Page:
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  • Epilepsy In Dogs & Cats – Nutrition & Management

    Epilepsy In Dogs & Cats – Nutrition & Management

    Epilepsy is a disease characterized by the occurrence of seizures caused by an imbalance in the brain (1). It is one of the most common neurological conditions seen in dogs and cats (2) with an estimated 1.5 – 5.7% of dogs and 0.5% of cats diagnosed with a form of epilepsy (3). Epilepsy often requires lifetime treatment and medication, but as well as ongoing veterinary treatment, studies have been conducted that suggest nutrition can play a positive role in managing your pet’s condition.

    There are different classifications of epilepsy, based on the underlying causes of the disease. Generally, idiopathic epilepsy is the term used to describe epilepsy with no diagnosed cause. There is no visible damage to the brain and no other recognisable symptoms apart from seizures (4). If your pet does show damage or abnormalities in the brain, then they would likely be diagnosed with symptomatic epilepsy instead (5). Probable symptomatic epilepsy is characterised as epilepsy resulting in seizures caused by a substance or situation not necessarily linked to damage to the brain. This could include triggers such as stress, excitement, flashing lights (6), or the ingesting of toxic substances such as chocolate, for example (7).

    Diet and nutrition’s role in treating dogs and cats with epilepsy has been considered more common in recent years. Studies have linked medium-chain triglycerides, omega oils, and taurine to improvements in the condition of epileptic animals.

    Medium-chain triglycerides (MCTs) are naturally occurring fatty acids. They can be found in high quantities in foods such as coconut and milk. In a 2015 study on epileptic dogs, it was found that dogs fed a diet including MCTs were having significantly fewer seizures than dogs fed on a placebo diet (8). For pet owners, the supplementing of coconut oil is the easiest way to increase your pet’s MCT intake. Coconut oil also contains caprylic acid, a substance linked to improvements in neurological conditions, improved cognitive function, and reducing damage to the brain (9).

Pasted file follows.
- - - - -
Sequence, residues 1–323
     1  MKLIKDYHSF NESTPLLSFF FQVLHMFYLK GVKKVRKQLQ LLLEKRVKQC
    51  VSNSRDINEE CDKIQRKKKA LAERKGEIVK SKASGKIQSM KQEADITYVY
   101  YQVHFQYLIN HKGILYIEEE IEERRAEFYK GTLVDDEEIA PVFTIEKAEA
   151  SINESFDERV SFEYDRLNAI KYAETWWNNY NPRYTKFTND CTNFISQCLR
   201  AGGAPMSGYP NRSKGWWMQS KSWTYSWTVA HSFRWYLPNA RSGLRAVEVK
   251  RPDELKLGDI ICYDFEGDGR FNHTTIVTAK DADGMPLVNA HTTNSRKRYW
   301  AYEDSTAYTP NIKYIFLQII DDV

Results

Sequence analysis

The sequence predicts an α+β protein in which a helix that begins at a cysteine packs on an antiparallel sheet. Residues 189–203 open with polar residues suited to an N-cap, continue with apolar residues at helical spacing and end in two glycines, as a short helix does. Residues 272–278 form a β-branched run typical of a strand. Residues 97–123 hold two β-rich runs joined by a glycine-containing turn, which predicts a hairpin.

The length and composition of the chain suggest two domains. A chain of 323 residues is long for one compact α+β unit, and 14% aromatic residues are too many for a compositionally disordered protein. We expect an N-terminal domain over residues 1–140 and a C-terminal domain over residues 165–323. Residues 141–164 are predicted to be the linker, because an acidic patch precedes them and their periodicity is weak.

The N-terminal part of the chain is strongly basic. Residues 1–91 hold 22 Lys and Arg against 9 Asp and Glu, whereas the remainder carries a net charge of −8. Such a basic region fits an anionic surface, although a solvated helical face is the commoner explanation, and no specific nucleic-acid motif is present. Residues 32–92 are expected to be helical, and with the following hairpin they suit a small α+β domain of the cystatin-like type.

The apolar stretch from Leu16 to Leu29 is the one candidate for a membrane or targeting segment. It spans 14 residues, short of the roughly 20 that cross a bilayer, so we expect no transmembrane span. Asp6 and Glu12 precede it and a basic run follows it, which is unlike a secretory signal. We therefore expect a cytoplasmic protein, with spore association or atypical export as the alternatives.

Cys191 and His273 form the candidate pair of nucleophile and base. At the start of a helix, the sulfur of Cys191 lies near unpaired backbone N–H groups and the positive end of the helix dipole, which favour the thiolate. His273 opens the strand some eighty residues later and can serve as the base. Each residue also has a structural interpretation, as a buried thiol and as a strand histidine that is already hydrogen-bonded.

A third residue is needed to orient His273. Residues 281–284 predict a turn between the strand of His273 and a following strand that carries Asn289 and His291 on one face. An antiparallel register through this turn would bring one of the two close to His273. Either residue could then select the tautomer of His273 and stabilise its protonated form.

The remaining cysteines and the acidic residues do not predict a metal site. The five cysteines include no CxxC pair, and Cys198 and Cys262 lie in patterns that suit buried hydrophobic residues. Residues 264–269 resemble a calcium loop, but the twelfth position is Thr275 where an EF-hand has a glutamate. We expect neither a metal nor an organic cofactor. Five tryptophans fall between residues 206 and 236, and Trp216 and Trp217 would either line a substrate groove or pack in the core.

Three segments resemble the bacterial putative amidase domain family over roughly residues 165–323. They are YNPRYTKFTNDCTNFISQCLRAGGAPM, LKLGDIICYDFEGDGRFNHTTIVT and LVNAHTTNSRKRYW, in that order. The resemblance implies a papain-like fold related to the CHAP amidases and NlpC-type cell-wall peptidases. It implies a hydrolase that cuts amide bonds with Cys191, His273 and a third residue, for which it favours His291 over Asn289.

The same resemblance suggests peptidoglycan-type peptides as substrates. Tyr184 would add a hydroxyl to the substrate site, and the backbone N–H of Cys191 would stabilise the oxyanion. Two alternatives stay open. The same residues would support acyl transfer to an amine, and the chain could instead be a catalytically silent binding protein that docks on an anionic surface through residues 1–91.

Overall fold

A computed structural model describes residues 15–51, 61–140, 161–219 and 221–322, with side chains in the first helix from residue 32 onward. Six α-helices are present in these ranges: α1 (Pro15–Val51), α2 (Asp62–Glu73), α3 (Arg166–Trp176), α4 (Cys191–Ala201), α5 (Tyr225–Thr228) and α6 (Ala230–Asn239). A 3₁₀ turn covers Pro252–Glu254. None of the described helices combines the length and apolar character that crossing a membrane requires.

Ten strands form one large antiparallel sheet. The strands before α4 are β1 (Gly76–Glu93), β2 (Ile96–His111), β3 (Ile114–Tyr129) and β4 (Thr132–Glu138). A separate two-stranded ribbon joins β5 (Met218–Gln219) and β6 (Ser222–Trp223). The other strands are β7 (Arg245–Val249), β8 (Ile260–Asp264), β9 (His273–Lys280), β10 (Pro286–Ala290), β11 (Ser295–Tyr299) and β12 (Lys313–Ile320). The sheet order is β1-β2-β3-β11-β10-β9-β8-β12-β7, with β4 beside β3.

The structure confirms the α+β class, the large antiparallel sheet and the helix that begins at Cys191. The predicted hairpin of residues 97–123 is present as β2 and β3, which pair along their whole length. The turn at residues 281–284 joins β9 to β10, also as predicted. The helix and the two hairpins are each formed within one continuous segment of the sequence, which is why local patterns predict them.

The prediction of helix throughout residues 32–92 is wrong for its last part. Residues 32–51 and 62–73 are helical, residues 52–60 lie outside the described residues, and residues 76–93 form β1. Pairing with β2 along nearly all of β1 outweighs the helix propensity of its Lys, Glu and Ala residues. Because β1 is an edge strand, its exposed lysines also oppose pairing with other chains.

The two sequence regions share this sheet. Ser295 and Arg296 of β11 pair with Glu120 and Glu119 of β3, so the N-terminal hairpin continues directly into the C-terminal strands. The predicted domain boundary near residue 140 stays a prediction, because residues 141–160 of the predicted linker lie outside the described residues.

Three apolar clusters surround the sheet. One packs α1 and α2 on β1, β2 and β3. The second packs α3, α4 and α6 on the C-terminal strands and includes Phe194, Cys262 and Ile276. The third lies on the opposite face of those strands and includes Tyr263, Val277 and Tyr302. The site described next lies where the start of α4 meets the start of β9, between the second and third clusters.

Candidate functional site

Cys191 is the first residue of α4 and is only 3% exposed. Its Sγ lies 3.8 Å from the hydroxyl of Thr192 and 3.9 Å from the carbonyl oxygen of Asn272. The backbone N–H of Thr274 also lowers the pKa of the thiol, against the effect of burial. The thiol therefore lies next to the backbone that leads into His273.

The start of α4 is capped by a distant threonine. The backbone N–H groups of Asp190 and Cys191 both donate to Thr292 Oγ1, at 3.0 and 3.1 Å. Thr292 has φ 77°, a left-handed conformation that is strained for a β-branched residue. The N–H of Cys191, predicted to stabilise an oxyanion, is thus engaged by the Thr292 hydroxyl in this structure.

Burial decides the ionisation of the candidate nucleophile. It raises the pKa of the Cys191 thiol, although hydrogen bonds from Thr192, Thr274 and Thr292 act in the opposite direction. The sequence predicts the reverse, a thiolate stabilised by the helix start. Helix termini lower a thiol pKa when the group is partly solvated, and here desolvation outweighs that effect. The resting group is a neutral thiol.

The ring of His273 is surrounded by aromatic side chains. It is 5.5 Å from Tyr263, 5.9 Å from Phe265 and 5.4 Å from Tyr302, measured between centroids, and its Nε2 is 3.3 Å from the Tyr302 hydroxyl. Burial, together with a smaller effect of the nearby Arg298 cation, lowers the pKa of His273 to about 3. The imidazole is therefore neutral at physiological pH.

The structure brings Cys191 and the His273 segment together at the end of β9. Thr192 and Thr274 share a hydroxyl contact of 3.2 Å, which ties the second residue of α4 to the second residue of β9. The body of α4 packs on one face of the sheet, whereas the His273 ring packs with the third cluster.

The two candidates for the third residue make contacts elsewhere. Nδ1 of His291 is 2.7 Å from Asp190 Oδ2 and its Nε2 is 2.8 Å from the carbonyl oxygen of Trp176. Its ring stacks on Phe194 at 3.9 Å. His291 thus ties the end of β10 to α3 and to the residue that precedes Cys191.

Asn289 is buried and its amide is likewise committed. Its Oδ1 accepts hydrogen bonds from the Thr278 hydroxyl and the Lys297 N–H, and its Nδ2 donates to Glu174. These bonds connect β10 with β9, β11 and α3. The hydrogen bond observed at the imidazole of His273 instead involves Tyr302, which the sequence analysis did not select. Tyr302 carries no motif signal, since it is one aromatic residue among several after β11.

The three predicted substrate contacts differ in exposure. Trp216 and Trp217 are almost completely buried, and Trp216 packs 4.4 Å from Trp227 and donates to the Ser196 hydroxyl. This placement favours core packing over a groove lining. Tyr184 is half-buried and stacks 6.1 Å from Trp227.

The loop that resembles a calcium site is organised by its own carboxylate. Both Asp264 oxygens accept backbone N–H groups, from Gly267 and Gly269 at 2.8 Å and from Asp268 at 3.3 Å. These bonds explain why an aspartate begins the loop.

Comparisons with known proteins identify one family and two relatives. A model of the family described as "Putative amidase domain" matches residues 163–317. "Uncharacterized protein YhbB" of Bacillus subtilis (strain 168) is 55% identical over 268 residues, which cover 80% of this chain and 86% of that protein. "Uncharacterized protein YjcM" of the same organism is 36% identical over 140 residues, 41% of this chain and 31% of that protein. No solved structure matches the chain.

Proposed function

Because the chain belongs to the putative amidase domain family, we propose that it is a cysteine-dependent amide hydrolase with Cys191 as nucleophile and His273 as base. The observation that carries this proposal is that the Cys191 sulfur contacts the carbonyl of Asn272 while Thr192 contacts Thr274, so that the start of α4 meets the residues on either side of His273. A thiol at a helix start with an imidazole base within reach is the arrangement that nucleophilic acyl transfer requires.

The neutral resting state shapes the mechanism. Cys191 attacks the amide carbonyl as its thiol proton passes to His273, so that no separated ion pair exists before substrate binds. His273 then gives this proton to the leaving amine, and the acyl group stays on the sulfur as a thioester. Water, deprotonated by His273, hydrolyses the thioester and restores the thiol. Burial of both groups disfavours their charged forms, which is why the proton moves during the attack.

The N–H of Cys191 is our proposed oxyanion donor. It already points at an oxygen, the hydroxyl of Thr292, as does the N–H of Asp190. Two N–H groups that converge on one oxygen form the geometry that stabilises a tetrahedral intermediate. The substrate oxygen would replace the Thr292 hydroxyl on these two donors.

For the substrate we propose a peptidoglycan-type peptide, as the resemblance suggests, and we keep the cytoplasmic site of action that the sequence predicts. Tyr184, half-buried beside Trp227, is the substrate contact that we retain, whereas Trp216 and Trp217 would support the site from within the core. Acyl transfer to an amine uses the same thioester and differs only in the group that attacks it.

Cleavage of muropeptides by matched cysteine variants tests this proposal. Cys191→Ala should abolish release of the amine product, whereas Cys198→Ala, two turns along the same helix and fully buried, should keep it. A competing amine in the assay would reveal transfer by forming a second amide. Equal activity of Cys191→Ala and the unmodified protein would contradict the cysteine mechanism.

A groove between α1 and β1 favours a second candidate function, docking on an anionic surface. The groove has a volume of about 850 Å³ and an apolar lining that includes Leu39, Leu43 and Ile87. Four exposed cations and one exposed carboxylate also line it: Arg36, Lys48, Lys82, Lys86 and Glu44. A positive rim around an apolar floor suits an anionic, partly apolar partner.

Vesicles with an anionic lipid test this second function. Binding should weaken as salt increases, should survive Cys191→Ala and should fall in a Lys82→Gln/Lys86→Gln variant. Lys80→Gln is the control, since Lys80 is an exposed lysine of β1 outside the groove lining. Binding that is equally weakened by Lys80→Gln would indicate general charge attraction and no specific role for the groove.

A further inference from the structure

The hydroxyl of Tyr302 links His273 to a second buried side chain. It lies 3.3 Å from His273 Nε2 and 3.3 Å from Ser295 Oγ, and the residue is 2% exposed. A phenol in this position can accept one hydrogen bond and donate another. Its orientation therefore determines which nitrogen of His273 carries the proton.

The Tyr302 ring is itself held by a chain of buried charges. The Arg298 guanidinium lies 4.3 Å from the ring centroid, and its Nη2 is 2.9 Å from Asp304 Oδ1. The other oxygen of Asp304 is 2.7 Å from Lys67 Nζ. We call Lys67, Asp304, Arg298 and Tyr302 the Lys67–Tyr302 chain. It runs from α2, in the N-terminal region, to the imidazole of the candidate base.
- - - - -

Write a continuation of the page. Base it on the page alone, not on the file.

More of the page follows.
Omega 3 fatty acids present in fish and fish oils are another natural supplement that can improve your pet’s epilepsy. Omega 3 fatty acids are made up of eicosapentaenoic acid (EPA) and docosahexaenoic acid (DHA) (10). In one study conducted on a two-year-old epileptic Great Dane, the frequency of seizures decreased by 85% over eighteen months after the introduction of fish oils to their diet (11). This is most likely due to the omega 3 oils having a positive impact on the development of neurons in the brain (12) as well as DHA having anticonvulsant effects (13).

    Although many pet foods contain fish oils as standard, it is recommended to include extra supplements of fish oil if your pet is diagnosed with epilepsy (14).

    Taurine is an essential amino acid and is present in the majority of cells throughout your pet’s body (15). This highlights how important it is for your pet’s overall health. Taurine can be found naturally in most high-quality pet foods and is especially vital in cat food as cats cannot synthesise their own taurine. As a result, taurine supplementation for epilepsy is more commonly used in the treatment of cats.

    Multiple studies have proven that taurine has benefits for animals with epilepsy, including cats, mice, rats, dogs, and humans (16). It is an anticonvulsant agent, much like omega 3 acids, however, it is not as effective as a dietary supplement as it does not bond well with fat molecules and as a result, is not easily absorbed by the brain (17). Therefore, the addition of taurine supplements is best administered by a vet rather than through supplements.

    By feeding your epileptic pet a food high in natural taurine, however, you can potentially improve their quality of life.

    If you have a pet diagnosed with epilepsy, it is always vital to consult your vet before making any changes to their diet. Your vet will be happy to discuss treatment options with you and can help tailor a treatment specific to your pet.

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